Launch

Monday, April 11, 2005

A Containership Amphibious Assault Ship Chinese Navy?

According to Frederick W. Stakelbeck, Jr. in The American Thinker, there is the possibility of the use of large Chinese container ships in an invasion of Taiwan scenario:
China is busily building a fleet of the largest container ships the world has ever seen. That is a boon for its export trade and economic efficiency. But like the Trojan Horse of ancient Greek civilization, the fleet could potentially be used by China in a spectacular, lightening invasion of Taiwan. Could the hollow hulls and empty decks of Chinese container ships carry infantry and mechanized divisions for a devastating attack on Taiwan, securing the island before the U.S. could respond?
Read the rest.

Here's an article on a large Chinese container ship:
"CSCL ASIA", the world¡¯s largest 8500-TEU (twenty-foot equivalent unit) container vessel owned by China Shipping Container Lines Co. Ltd, succeeded on August 15 its maiden voyage and was assigned to transporting between Ningbo, east China's Zhejiang province to the western coast of the United States.

334 meters long and 42.6 meters wide, "CSCL ASIA" is a most state-of-the-art super container vessel with the world¡¯s largest capacity and a speed of 25.2 knots (one knot is about 1.853 kilometers). The ship can hold 8, 500 TEUs and is equipped with 700 fridge plugs. Loaded 1, 500 standard containers, "CSCL ASIA" started its expedition to the western coast of the United States, which was a success.

Sources say the ship is the first of the five 8, 500-standard-container vessels specially built by China Shipping Container Lines Co., Ltd, the other four of which will be put into operation in the next one or two years. It is the first time for state-owned sea transportation enterprises to develop and run such super container vessels.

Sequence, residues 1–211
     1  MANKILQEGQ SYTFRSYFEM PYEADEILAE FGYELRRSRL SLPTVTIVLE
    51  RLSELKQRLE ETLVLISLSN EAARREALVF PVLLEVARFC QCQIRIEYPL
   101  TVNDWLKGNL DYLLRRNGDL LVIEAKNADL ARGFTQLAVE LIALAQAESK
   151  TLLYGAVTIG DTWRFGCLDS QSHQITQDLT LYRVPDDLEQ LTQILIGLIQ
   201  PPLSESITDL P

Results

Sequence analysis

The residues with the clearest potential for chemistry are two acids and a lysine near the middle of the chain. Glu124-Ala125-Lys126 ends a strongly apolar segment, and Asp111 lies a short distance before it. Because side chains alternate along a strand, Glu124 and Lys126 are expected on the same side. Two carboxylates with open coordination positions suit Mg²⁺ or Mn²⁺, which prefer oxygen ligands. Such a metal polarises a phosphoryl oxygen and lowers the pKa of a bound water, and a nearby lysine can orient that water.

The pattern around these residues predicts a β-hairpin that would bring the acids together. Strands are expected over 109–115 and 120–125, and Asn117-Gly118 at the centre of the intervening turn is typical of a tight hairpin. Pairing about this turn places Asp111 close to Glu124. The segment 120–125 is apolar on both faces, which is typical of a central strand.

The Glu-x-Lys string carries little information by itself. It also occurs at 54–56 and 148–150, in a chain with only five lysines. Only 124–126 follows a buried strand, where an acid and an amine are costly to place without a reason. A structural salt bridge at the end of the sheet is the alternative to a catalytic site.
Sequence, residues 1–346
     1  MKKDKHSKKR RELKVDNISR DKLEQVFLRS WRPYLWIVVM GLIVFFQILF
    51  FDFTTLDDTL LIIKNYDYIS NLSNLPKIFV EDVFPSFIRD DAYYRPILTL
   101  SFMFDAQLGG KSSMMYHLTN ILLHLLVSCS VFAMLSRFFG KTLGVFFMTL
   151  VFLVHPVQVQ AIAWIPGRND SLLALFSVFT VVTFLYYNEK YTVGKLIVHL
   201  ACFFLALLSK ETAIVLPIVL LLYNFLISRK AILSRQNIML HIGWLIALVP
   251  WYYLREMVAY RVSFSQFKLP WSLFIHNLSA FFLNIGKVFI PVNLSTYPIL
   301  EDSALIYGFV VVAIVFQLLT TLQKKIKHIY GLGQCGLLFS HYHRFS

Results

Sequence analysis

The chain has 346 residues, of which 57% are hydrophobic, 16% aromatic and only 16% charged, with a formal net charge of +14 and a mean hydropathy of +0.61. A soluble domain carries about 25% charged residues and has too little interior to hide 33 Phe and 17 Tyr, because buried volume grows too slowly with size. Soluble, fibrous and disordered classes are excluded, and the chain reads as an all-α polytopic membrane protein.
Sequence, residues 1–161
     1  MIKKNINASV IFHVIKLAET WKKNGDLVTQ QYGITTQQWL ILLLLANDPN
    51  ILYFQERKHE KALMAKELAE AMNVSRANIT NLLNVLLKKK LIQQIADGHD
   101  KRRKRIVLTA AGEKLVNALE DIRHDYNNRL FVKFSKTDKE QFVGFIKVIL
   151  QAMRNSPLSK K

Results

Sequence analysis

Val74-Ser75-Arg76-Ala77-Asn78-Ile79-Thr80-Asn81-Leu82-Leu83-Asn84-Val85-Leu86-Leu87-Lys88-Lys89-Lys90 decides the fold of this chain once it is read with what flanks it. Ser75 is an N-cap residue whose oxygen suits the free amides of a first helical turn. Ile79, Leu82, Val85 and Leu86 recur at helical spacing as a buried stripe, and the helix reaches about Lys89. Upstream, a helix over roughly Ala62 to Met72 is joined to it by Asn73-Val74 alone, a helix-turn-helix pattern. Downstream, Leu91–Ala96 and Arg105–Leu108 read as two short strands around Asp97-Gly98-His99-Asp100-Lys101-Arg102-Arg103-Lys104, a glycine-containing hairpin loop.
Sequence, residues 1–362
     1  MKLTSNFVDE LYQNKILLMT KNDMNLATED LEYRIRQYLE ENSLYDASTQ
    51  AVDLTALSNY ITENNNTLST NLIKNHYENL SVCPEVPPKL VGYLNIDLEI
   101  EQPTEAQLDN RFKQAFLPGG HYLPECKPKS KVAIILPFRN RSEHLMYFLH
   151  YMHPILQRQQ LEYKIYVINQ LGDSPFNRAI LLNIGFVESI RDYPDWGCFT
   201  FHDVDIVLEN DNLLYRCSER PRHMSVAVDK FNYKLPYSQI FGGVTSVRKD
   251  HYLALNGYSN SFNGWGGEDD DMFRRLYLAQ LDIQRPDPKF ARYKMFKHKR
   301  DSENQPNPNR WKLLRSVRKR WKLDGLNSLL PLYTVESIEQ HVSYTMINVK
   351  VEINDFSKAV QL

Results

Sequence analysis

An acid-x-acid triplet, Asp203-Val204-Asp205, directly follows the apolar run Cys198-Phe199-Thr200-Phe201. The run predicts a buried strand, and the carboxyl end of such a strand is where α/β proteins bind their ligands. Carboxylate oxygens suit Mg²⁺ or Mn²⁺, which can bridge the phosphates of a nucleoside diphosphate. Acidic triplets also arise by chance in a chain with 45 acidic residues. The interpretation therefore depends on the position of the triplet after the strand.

Here's photo of the CSCL ASIA:



Looks like an ordinary, but great big, container ship to me.

Well, maybe it could be done. But there are a lot of "ifs."

Update: An economic (and an environmental) argument for these and even larger container ships here.
Of course, there can be no justification for the introduction of ULCSs without the necessary volume of trade to absorb the additional capacity and keep the ships fully utilised. The demand for containerisation, however, continues unabated, and it is this rapid demand growth which is underpinning the vast amount of new tonnage currently being ordered.
Is China simply looking forward to increased trade with the US with these ships?

Update2: Conversion of and uses for US converted container ships for the Navy's prepositioned ships Note the cranes installed on the US conversion in the picture below, allowing for self-offloading. Note that the Chinese ship lacks such cranes, making it dependent on shore cranes for offloading containers.



More on the containership concept here:
The effect of containerisation on ships and shipping has been far reaching.  A container can be lifted on or off a ship in a fraction of the time taken to load or discharge conventional cargo.  As containers are of a standard size, a ship can be built to carry just containers.  Its holds have guides for the containers to be slotted in easily.  Because containers are loaded very quickly, time in port is kept to just a few hours, compared with days or weeks with a conventional cargo liner.  Operators of container ships have built on this rapid turnround, and made sure their ships were as large and as fast as possible.  As a result, one modern container ship can do the work of perhaps 20 conventional cargo liners.  
Container ships can be easily recognised.  They usually have many containers stacked high on their decks.  Most have no cargo gear, relying entirely on the huge cranes at the big ports they serve. 

No comments:

Post a Comment